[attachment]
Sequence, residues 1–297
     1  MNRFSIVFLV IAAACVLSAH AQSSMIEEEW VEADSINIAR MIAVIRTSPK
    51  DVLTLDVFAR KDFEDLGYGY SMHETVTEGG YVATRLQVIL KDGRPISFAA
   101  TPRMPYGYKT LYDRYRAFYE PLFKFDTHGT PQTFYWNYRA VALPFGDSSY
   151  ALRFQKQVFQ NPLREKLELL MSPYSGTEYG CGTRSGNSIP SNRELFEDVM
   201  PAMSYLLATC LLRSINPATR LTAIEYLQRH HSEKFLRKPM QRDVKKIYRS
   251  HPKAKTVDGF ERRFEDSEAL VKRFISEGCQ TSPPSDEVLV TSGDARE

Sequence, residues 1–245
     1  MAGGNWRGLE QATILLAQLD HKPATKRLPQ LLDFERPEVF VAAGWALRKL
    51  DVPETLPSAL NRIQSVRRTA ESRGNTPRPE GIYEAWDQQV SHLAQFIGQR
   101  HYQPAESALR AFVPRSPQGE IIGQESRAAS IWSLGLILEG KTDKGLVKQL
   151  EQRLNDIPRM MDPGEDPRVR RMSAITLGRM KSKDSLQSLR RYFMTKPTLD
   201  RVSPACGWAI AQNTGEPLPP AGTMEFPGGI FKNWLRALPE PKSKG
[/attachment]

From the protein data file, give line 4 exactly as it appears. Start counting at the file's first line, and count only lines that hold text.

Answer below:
   101  TPRMPYGYKT LYDRYRAFYE PLFKFDTHGT PQTFYWNYRA VALPFGDSSY